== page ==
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The Times: Former Shell chief is pleased but he may sue his accusers

August 31, 2006

SEC drops investigation of Watts
By David Robertson
 
THE world’s leading financial regulators have concluded that nobody is to blame for Shell’s overstatement of its oil reserves, after the US Securities and Exchange Commission (SEC) dropped its investigation of Sir Philip Watts.

Sir Philip, the former executive chairman of Shell, is understood to be considering how to rebuild his reputation, including potential legal action against those who alleged wrongdoing on his part. 
 
The SEC, America’s market regulator, has decided not to take its investigation into Sir Philip any farther, a decision that the Financial Services Authority (FSA) in Britain reached last November. Dutch authorities have also decided to take no action, even though Shell has restated its oil reserves five times since 2004.

From 1998 to 2003, Shell had been claiming oil and gas reserves as “proven” — which carries a strict SEC definition — when it should not have done. Claiming reserves as proven means that a company is all but ready to pump the oil and the oil can be booked as a hard asset.

In January 2004 Shell was forced to restate an initial 3.9 billion barrels of oil, seriously damaging the company’s credibility. The FSA fined Shell £17 million for misleading investors and Shell has also agreed to pay $4 million to the State of California in settlement. The company also made a $120 million settlement with the SEC.

An earlier US Department of Justice investigation ended in June 2005 with no action being taken against Shell. However, even after financial regulators had disciplined the company, they remained intent on finding an individual responsible for the debacle. Both authorities have concluded that no case can be made against Sir Philip. He said yesterday: “I am extremely pleased that the US authorities have closed the investigation. As I have stated from the beginning, I have acted in good faith throughout and I had every reason to believe that all at Shell acted properly and in good faith when disclosing proved reserves.”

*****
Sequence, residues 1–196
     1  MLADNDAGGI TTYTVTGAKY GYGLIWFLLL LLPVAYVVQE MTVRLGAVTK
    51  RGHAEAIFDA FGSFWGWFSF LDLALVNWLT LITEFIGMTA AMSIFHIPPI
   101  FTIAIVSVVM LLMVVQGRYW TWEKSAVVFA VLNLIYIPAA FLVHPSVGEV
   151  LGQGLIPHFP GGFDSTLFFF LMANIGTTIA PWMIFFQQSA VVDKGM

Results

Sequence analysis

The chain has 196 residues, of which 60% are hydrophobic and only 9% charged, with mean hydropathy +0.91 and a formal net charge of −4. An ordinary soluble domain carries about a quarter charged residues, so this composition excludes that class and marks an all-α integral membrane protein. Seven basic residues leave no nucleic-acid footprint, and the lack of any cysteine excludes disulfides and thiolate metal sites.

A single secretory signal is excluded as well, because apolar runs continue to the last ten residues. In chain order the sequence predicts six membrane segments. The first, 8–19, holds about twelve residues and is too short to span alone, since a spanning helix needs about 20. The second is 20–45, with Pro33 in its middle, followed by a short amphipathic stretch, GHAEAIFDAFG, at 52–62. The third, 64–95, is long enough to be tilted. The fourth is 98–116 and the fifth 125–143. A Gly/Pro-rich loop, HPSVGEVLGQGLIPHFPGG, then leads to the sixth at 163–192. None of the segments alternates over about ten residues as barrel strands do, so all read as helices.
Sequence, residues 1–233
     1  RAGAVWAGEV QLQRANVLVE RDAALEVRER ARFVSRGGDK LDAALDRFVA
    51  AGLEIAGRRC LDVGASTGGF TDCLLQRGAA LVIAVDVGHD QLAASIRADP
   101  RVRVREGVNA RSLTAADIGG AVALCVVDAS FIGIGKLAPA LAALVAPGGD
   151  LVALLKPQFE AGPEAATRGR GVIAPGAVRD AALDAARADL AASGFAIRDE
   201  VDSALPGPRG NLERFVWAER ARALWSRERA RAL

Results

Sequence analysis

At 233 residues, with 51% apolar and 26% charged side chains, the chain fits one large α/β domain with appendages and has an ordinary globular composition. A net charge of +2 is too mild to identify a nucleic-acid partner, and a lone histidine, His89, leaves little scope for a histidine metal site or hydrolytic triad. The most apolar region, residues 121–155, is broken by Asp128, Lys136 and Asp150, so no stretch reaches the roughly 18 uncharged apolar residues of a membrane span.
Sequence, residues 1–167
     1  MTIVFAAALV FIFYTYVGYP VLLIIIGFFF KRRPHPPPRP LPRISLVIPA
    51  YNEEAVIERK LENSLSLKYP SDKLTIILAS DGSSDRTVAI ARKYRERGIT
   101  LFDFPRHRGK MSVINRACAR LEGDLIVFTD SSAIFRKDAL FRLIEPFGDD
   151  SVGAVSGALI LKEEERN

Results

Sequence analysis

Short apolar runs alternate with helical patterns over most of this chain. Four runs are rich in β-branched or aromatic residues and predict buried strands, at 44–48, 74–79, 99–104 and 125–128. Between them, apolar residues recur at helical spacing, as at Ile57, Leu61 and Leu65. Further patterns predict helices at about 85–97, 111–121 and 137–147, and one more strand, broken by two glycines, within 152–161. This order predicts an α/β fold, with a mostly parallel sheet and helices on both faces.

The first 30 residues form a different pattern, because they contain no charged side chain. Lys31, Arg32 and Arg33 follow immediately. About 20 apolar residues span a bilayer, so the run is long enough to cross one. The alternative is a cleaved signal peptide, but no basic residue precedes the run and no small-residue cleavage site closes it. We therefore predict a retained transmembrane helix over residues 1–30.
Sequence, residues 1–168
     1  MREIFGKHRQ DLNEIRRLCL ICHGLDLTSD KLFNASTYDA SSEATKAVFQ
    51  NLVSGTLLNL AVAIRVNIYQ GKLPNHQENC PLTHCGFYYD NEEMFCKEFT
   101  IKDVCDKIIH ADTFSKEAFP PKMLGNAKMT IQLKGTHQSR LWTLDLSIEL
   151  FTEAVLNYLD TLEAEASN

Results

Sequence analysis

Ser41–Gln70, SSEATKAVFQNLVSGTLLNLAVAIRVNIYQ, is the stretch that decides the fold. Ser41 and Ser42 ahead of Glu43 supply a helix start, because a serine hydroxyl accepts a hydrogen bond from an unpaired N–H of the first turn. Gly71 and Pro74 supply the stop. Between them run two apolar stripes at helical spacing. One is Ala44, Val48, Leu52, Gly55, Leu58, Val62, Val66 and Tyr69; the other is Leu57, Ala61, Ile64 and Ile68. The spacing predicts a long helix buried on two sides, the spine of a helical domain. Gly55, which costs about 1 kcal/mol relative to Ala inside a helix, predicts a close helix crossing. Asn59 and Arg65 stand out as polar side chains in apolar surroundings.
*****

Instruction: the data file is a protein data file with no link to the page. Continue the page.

Sir Philip was dismissed by Shell in March 2004. He is believed not to have worked since, because he has been busy establishing his legal defence. Friends say that he may seek to initiate legal action against those who accused him of malfeasance. Lawyers representing Sir Philip in the US said yesterday that the SEC’s decision to drop its investigation vindicated their client.

Joseph Goldstein, a lawyer with Mayer, Brown, Rowe & Maw, said in Washington: “This has probably been the closest examination of any one person’s conduct that I have ever seen, and we are very pleased to see the case closed.

“Two of the world’s major regulators have carefully reviewed all the testimony and interviewed dozens of people and concluded there is no case. Sir Philip really deserves his reputation back.”

Sir Philip, who lives in Berkshire, is not clear of trouble. He and two other former executives are named as defendants in a class-action lawsuit that has been filed against Shell in the US.
 
TIMETABLE OF INVESTIGATIONS
 
Jan 2004: Shell cuts oil and gas proven reserves by 20 per cent. Restatements prompt investigations by UK and US authorities. Chairman Sir Philip Watts refuses to step down.

March 2004: Sir Philip dismissed and replaced by Jeroen van der Veer, head of Shell’s Dutch arm. SEC launches inquiry into Shell and Sir Philip’s role.

April 2004: Judy Boynton, chief financial officer, resigns. Shell admits to having known about problem since 2001. Downgrades reserves again. Unveils share buyback to calm investors.

May 2004: Cuts oil reserves again; says that it does not expect to do so again.

July 2004: Shell fined £17 million by FSA, largest penalty it had imposed. Shell also makes $120 million settlement to SEC.

May 2005: Annual report reveals the net present value of the 4.5 billion barrels cut in the first restatement was $6.65 billion when applied to the year 2002. However, the value of the second cut, when applied to the same year, was about $5.4 billion, even though only 1.15 billion barrels were removed.

July 2005: US decides not to take Shell to court for overstating its oil reserves.

August 2006: SEC drops its investigation into Sir Philip.

PENSION FUNDS SEEK REDRESS

Shell and three former directors, including Sir Philip Watts, are being sued by investors in the US District Court for New Jersey. The investors allege that they were misled by Shell when it overstated its oil reserves between 1998 and 2003. The lead plaintiffs are Pennsylvania state retirement funds, and in January they were joined by Dutch, German and Luxembourg pension funds.

http://business.timesonline.co.uk/article/0,,9072-2335870.html

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